From left: Stephanie Webster

New trio gives you two bands, two nights of music

It’s Wednesday night at the Village Idiot and a few dozen people are gathered to drink some beers and enjoy some music.

At the back of the bar, in between the doors to the kitchen and the bathroom, Denis Severino, Mike Shaver and Stephanie Webster are playing music – sometimes solo, sometimes in pairs and occasionally all together.

The music is a mellow variety of old-time, folksy Americana and the three performers trade off musicians and songs with ease.

The trio is The Coquihalla Highwaymen and Woman on this night. The following night, at the Last Drop, they’re at it again but this time playing a more upbeat set as Terry Dactyl & the Extinctions.

“The difference is two different repertoires really and a different feel to each evening,” said Severino in an interview prior to Thursday nights show. At the Village Idiot, he continued, “It will be a little more mellow, a little more down-tempo numbers. Here it will be a little more upbeat because people want to dance and go crazy.”

Severino, Shaver and Webster came together as a band over the past few years. Severino and Shaver, who are both from Ontario, first met tree planting in Northern Alberta several years ago.

“Denis and I would hang out and after a long day of working we would encourage each other to play,” said Shaver. “We didn’t really know each other at all.”

Upon their return to Ontario, Severino invited Shaver out to the music nights he hosted in Toronto. Fast-forward a few years and Shaver was living in British Columbia and playing in a band with Webster called Old Man’s Beard out of Salmon Arm. He convinced Severino to move out west and so he did.

After Severino moved out here, they went on tour together. He would play solo, then Old Man’s Beard would play and then they would play songs all together.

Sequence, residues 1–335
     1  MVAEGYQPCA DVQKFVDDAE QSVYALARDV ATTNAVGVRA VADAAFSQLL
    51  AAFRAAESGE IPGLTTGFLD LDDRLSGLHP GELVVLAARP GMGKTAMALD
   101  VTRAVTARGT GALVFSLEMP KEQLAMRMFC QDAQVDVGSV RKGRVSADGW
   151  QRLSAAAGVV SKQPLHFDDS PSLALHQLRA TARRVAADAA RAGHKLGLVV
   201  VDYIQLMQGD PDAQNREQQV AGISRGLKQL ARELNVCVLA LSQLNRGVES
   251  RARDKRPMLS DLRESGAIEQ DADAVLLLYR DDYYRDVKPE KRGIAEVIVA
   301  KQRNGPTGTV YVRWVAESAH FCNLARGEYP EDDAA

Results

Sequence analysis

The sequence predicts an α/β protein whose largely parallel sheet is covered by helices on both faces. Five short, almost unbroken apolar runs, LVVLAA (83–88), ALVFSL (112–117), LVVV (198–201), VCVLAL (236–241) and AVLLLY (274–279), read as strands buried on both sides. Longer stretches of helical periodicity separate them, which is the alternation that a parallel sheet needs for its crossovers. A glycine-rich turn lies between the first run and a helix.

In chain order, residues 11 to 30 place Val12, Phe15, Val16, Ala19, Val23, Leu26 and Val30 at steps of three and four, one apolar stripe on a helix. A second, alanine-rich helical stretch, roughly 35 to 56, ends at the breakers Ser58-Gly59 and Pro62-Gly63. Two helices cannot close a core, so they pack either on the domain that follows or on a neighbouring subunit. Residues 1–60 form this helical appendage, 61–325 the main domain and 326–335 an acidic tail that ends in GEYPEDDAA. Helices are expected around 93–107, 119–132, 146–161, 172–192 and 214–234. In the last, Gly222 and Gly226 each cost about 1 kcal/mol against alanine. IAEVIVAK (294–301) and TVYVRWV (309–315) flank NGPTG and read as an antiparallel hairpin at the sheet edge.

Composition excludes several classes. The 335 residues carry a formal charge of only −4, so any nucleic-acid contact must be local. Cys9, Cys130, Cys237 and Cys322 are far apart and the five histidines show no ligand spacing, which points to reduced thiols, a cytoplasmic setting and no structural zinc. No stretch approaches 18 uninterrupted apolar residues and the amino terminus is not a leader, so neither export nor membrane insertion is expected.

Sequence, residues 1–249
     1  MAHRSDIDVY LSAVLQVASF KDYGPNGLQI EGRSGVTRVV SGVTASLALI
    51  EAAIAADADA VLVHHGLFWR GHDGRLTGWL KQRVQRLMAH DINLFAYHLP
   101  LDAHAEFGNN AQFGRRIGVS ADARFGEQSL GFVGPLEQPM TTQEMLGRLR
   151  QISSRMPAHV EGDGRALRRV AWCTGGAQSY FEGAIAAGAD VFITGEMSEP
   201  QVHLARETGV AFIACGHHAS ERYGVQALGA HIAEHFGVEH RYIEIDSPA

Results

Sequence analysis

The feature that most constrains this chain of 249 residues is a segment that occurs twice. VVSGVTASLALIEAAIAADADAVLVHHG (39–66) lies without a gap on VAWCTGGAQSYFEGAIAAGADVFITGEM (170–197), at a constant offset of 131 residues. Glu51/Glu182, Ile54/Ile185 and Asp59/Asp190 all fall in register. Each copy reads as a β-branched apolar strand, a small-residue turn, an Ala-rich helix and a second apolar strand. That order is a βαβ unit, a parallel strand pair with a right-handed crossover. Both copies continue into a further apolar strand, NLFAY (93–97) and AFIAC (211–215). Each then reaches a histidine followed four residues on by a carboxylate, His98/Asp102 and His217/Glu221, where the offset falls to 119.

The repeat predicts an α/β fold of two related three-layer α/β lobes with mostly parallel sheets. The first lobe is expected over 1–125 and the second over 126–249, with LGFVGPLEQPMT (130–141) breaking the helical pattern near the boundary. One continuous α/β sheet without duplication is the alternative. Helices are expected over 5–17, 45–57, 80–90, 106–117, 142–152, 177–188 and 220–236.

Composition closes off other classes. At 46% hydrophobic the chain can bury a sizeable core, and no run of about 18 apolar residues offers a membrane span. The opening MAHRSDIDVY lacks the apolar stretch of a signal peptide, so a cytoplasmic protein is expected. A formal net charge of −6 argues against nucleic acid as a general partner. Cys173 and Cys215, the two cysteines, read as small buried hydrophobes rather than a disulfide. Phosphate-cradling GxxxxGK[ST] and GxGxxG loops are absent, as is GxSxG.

The tour exposed them to the music scene in Interior B.C. and, while on tour, Severino put together an album by a collective that goes by the name Ted Amongst Men.

“There’s all sorts of motley characters we ran into on the road that have been part of the collective. We’re really excited about the recording coming out.”

The three musicians cite numerous influences – Severino cites traditional Americana folk music while Shaver admits to being into harder, thrash metal.

“I don’t really know how we found the common ground because it seems like most of the stuff we’re doing here is old-timey folk, bluegrass, country kind of stuff and I never touched that until two or three years ago,” said Shaver.

Added Severino: “To Mike’s credit he’s brought of a lot of the thrash to the folk, and he’s written a lot of good folk songs too.”

Meanwhile, Webster said she grew up going to church where she heard numerous hymns, which exposed her to the traditional music the band plays.

In the band, they play a variety of instruments: Severino plays guitar, six-string banjo, mandolin and some harmonica; Shaver plays guitar and Webster contributes on the mandolin and banjo.

Their repertoire is a mix of originals and covers, though, as they pointed out, folk musicians regularly share, borrow, adapt and cover each others songs. They have a thick binder filled with hundreds of pages of music, some of which they know and some of which they’re still learning.

“It was a real relief to me that Bob Dylan totally ripped off Woody Guthrie in a way that I think is great,” said Severino.

The Coquihalla Highwaymen & Woman play every Wednesday at the Village Idiot starting at 8 p.m.

Terry Dactyl & the Extinctions perform Thursdays at the Last Drop starting at 9 p.m.

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